Hospitality and Travel Jobs: Labour Law Article

Question 1: In what instances could a business such as a Golf Estate be taken to the CCMA ?

An employee can take the business such as a Golf Estate to the CCMA (Commission for Conciliation, Mediation and Arbitration) in respect to an alleged unfair dismissal on the grounds of misconduct, incapacity, operational requirements, unknown reasons or for a constructive dismissal.

Furthermore, an employee can alleged an unfair labour practice and can refer a labour dispute to the CCMA regarding unfair conduct relating to a promotion, a demotion, reduction in salary, unfair suspension or a failure to reinstate or re-employ a former employee in terms of an agreement.

Another reason an employee can take a business such as a Golf Estate to the CCMA would be on the grounds of alleged unfair discrimination relating to race, colour, sex, marital status, family responsibilities, pregnancy, age or religion.

Question 2: How frequently are employees/ applicants for employment using the CCMA i.e are cases increasing ?

Year on year there has been an increase in the number of labour disputes referred to the CCMA. Unfair dismissal disputes continued to account for the largest percentage of the nature of cases referred to the CCMA. Other referrals relate to unfair labour practices, mutual interest disputes, collective bargaining and severance pay.

Question 3: Do all employer / employee labour disputes have to be referred to the CCMA or are there other dispute resolution fora ?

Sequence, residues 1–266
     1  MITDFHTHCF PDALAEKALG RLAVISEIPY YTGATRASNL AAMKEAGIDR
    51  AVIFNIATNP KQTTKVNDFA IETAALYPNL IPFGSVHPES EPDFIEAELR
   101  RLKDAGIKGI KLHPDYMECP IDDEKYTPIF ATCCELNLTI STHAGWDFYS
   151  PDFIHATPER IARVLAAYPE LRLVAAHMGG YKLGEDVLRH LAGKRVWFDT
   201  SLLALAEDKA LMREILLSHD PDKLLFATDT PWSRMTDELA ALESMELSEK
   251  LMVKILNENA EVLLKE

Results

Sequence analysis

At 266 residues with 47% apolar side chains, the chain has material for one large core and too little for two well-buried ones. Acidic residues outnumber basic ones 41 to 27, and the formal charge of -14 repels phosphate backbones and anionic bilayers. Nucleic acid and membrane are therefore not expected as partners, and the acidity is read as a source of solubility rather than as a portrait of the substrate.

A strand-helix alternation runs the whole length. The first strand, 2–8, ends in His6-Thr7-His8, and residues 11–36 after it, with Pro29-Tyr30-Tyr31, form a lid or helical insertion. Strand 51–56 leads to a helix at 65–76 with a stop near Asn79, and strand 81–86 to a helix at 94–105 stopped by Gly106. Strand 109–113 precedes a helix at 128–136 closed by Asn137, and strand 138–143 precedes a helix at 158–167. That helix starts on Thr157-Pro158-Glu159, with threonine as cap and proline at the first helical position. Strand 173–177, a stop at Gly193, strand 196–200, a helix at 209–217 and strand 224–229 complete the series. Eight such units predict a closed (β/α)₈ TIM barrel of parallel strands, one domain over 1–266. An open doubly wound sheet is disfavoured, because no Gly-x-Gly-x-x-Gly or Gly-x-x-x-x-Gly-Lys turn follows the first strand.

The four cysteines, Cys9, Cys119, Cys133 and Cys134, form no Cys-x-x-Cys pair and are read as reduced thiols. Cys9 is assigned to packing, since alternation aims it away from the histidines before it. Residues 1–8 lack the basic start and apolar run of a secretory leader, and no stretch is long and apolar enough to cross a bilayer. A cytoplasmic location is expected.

Generally, labour disputes are referred to the CCMA. However, labour disputes can also be referred to bargaining councils which are voluntarily established bodies comprising registered trade unions and employer associations and are registered by the Department of Labour in respect to particular sectors and areas.

Labour disputes can also be referred to private arbitration in terms of the Arbitration Act.

Question 4: Processes at the CCMA

When a dispute is referred to the CCMA or a Bargaining Council, the parties are required to go through the process of conciliation before the matter can be referred to arbitration.

A conciliation hearing is a process where a Commissioner facilitates possible settlement discussions between the parties.

An arbitration hearing is a more formal process than conciliation. The Commissioner will record the proceedings. The Commissioner makes a formal decision in term of handing down an arbitration award. The arbitration award is legally binding on both parties, although the parties can apply to the Labour Court for a review if they are dissatisfied with the arbitration award.

Question 5: What is the burden of proof ?

For instance, during a disciplinary hearing there are a number of factors that an employer needs to prove.

At the disciplinary hearing it is necessary for the employer to show proof, on a balance of probability, that the employee committed the act of misconduct, for which he or she has been charged. This is essential prior to finding the employee guilty and deciding on a suitable punishment. By the same token the employer also needs to prove that the desired punishment is justified, i.e “the punishment must fit the crime”.

Article published by Bernard Reisner, a labour relations consultant. His contact details are as follows:

W. Tel no 021 423 3959
Fax 021 423 2105
Cell 082 433 8714